7. Steven Chu on climate change deniers
“I’d put them in the same category as people who said, in the 60′s and 70′s, that you haven’t proved to me that smoking causes cancer. This is a real issue. We have to do something about it!” Former Energy Secretary, Steven Chu. Read more/see video
8. GM’s Pam Fletcher on electric vehicle adoption
“We need a lot of customers excited about great products. I want to keep people focused on all the good things that moving to electrified transportation can do for customers and for the country.” GM’s Chief of Electrified Vehicles, Pam Fletcher. Read more/ see video
9. Laurie Yoler on why Tesla is succeeding, despite the odds
“You know you’re on to something good when everyone you talk to is a naysayer. It takes a huge amount of courage and tenacity to continue going forth.” Qualcomm executive and founding board member of Tesla Motors, Laurie Yoler. Read more/see video at 11:20
10. Rick Needham on self driving cars, car sharing and Google’s electric car fleet
“It’s not just the car that’s underutilized; it’s the infrastructure, the roads…There’s an enormous opportunity…on the environmental side, on the human safety side, on utilization of infrastructure side.” Google’s Rick Needham. Read more/see video
SolarCity’s CEO Lyndon Rive sat down with Fresh Dialogues last week to share details of the solar company’s business model, rapid growth, and ultimate goal of being the world’s largest energy provider. Yes indeed: this 35 year-old entrepreneur from South Africa anticipates no less than world domination.
Although Rive was tight lipped about the impending IPO expected in Q3 this year, he referred to the $280M investment from Google last year and said, “Our expectation is that companies like Google and other Fortune companies start making similar investments.”
“In order to monetize the full benefits of the solar system you need a large tax paying company. .. might as well use that tax bill to motivate the growth of the renewable industry…” he added. “We are approaching hundreds of Fortune 100 and 1000 companies…and will continually be raising funds, potentially in perpetuity.”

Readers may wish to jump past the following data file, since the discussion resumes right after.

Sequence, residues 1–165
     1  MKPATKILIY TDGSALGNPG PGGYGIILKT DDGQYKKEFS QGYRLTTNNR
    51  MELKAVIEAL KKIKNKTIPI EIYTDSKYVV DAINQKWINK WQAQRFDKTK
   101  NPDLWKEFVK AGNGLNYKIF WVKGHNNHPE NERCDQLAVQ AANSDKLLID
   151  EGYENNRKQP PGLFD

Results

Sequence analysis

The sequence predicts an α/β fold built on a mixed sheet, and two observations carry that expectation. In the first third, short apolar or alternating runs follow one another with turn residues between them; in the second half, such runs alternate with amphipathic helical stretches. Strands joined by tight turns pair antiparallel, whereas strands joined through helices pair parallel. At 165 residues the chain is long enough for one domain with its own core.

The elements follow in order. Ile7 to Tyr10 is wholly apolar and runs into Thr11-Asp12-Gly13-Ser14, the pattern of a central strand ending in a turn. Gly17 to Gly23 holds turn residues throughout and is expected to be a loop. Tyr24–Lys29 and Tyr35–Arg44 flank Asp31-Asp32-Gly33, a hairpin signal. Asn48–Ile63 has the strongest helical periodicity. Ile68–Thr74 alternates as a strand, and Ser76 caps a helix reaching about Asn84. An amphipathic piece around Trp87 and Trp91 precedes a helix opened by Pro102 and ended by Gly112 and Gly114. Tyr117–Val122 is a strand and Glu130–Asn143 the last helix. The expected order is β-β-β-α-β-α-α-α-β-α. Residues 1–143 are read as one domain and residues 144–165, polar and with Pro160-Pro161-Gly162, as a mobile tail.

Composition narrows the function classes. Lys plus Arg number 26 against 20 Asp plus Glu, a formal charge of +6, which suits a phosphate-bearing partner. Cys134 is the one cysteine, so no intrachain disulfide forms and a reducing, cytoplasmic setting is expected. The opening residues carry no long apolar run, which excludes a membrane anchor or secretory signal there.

SolarCity is targeting companies that can benefit handsomely from the 30% Federal Business Tax Credit for solar investments. Although Rive wouldn’t name names, Apple Inc. springs to mind immediately. Record profits and enormous tax base? Check. Recently inclined to alternative energy investments? Check. In case you missed it, Apple recently invested in a massive 4.8 megawatt fuel cell development using Bloom Energy technology. Watch this space. We’ll keep you updated.
SolarCity’s innovative model offers a range of solar options. Customers can buy systems outright or pay zero down and lease or purchase the power the system produces. Large investments from partners like Google allow the company to make solar affordable and continue growing rapidly. Rive described the company’s business model thus: “(We) install solar systems for free, so we need capital to pay for that, and take a long term revenue stream on the electricity that we sell. So, as fast as we grow, that’s the business model that we’re in.”
A former NASA advisor who developed technologies to sustain life on Mars, this earnest scientist is now harnessing his visionary skills and a large team of engineers to solve the energy crisis. His ambitious goal? To revolutionize the energy industry, just like cell phones revolutionized the communications industry. His team is developing high efficiency fuel cells to provide a globaldistributed system of electricity supply at low cost and a low (and ultimately zero) carbon footprint. Clients include Google, eBay, Fedex and Walmart. Not too shabby.
Even before opening his doors to 60 Minutes, KR agreed to discuss Bloom Energy’s progress in this exclusive and detailed Fresh Dialogues interview, recorded in 2009. To read the interview transcript click here